Need information on how to stop shoplifting? Contact us or call 1.866.914.2567 today.

Retail managers at all levels should attend training to reduce employee theft and stop shoplifting. After a recent experience I had at a store they should also have to attend training to recognize when they or the store has made a mistake. I was birthday shopping for my wife and went to a well-known business to purchase a computer tablet. I was not getting anything expensive but the one I found was on a shelf with a shelf label that matched the description and a listed price of $79. There were two of the items on the shelf. I carefully noted what all of the shelf labels said so I was sure I was getting the correct item and took it to the front registers. I was at a self-checkout stand and asked the cashier if she could remove the security device on it that was meant to stop shoplifting. She struggled and I offered to assist (this has been a part of my career for over twenty years) and we removed the device. The item scanned at $99. I called her back over and told her the price was wrong and that the shelf label said it was $79. She called a supervisor over who must not have believed the register and scanned it and got the same price. She then told me that it scanned correctly. I asked her to come with me to electronics and I showed her the shelf labels. She then tried to point to another label and I showed her that the label she pointed to was for another brand and then showed her ALL of the labels. She then called the electronics person over who scanned the merchandise and told me the label was the wrong one. Now I was a bit irritated. The electronics associate tried to tell me why the merchandise did not match and I explained it was the only shelf label that DID match. The front end supervisor said she could give me 10 percent off. I told her that was not acceptable the price difference was $20 and I would just contact the corporate office. I started to walk away, still polite and maintaining my composure. Now I don’t know if these two thought they were able to stop fraud or stop shoplifting but I was perturbed. Then I had the notion I would speak to a manager because these two were no help. 
     

The manager on duty came over and I explained for the third or fourth time what had happened and the 10 percent reduction offered to me. I went through the shelf labels again and explained what I had already explained. For the fourth time the product was scanned. For the fourth time $99 popped up. The manager agreed that the box seemed to match the shelf label then noted that there was another box on the shelf that looked nearly identical. It was the same except it was thinner and was missing a keyboard. When he scanned it the box was the $79 item I wanted. The manager admitted their planogram was missing a shelf label and he would have it corrected then apologized. I was happy to get the item I wanted. This was a situation where employees should have had some training on customer service.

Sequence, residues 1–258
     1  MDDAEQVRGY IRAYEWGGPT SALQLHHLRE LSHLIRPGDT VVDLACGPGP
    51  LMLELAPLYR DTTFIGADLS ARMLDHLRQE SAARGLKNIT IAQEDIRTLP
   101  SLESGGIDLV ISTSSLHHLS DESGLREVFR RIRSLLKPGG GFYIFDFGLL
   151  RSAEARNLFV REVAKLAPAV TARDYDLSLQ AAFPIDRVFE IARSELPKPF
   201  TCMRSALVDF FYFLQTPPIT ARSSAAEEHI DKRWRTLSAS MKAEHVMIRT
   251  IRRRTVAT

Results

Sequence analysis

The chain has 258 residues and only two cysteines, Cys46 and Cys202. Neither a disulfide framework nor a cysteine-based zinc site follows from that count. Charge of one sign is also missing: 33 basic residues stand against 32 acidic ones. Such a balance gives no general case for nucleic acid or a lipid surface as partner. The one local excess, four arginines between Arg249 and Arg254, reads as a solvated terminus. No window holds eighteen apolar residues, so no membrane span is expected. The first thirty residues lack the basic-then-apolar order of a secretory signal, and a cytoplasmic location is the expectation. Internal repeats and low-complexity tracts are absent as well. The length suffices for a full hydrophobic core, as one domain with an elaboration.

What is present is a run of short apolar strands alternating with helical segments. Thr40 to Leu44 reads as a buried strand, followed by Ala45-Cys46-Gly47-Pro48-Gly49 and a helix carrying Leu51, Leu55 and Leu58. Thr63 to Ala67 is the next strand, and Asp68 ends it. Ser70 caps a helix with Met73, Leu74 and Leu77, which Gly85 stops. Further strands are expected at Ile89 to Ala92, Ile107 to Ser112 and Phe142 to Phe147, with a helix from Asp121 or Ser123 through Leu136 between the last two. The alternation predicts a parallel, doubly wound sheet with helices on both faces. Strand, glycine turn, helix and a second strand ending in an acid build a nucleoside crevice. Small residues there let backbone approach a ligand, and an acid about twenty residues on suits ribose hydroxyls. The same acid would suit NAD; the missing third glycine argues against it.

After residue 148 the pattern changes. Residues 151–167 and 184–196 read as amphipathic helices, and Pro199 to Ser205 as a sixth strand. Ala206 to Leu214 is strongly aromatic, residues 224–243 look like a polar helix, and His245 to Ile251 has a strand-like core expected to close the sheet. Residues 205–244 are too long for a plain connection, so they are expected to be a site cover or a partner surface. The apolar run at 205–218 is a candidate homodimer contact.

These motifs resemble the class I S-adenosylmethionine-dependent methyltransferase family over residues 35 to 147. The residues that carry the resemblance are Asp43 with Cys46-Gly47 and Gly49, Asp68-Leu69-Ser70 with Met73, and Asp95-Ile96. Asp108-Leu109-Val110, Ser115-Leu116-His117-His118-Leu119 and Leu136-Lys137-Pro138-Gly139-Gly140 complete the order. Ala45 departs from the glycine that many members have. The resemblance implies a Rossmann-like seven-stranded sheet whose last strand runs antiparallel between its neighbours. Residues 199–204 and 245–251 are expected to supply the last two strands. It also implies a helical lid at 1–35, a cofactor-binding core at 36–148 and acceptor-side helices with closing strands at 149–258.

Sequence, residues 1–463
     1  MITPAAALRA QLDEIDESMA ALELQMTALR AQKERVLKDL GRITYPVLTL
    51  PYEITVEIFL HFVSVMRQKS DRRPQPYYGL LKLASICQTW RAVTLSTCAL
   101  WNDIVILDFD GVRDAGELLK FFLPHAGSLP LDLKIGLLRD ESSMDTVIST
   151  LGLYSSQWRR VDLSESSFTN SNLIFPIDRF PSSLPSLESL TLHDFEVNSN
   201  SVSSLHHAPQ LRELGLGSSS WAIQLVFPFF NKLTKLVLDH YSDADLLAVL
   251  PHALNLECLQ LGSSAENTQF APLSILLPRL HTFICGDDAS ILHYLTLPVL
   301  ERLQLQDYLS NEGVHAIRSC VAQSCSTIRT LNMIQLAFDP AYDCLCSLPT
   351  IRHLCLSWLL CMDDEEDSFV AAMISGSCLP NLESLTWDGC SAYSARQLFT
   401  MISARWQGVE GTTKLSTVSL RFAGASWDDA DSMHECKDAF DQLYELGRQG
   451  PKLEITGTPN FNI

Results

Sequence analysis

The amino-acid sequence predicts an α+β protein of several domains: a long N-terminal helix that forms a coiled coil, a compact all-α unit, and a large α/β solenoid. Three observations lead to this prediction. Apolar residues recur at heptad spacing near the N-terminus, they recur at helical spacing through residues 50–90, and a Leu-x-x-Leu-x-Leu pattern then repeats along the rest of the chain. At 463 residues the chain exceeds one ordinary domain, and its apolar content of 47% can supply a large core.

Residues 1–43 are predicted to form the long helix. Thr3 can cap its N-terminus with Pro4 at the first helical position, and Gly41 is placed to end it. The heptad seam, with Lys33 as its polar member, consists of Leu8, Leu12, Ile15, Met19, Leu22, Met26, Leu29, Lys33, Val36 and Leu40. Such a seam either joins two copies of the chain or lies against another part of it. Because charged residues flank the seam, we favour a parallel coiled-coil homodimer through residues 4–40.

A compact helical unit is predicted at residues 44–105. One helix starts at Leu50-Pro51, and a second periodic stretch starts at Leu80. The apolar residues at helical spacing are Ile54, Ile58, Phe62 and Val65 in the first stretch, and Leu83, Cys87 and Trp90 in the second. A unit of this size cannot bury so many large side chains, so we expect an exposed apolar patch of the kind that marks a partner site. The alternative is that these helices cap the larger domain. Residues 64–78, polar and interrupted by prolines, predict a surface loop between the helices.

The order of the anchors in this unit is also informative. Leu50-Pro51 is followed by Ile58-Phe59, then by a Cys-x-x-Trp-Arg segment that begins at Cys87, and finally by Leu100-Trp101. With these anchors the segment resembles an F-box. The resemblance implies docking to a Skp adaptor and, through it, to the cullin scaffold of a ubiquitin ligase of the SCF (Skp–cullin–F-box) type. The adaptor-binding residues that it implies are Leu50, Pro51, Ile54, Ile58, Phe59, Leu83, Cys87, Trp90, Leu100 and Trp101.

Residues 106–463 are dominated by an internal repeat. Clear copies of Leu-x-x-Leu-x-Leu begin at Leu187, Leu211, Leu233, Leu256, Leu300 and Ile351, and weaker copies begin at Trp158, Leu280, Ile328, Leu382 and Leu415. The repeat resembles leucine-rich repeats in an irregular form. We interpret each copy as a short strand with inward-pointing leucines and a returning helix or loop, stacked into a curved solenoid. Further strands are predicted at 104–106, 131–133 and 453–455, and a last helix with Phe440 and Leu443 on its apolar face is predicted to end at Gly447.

Managers who attend training to reduce employee theft learn signs to look for that may indicate someone is likely to steal and the proper way to intervene to stop it. Training to stop shoplifting helps managers learn customer service skills that quietly disrupt criminals intending to steal. Unfortunately training that would teach managers customer service etiquette seems to be wanting. Rather than assuming a customer who is challenging a price is trying to commit fraud why not properly investigate the claim?  How much easier might it have been in my attempt to purchase a tablet to have that first manager see that there was an issue with shelf labels and resolve the problem? Rather than admit a mistake of some type additional people were called in and a customer was getting quite ticked off. With the right approach it could have been a non-issue. As it was they nearly lost a sale and risked a call to their headquarters.
   

While training to reduce employee theft and stop shoplifting are available to store owners the responsibility to instruct managers at all levels on customer service etiquette is yours. Are you willing to lose a customer because a manager was unable or unwilling to recognize the difference between an attempt at fraud and a store error? Teach your managers to think for themselves and empower them to make the right choices it will pay off in customer loyalty.

 

Need information on how to stop shoplifting? Contact us or call 1.866.914.2567 today.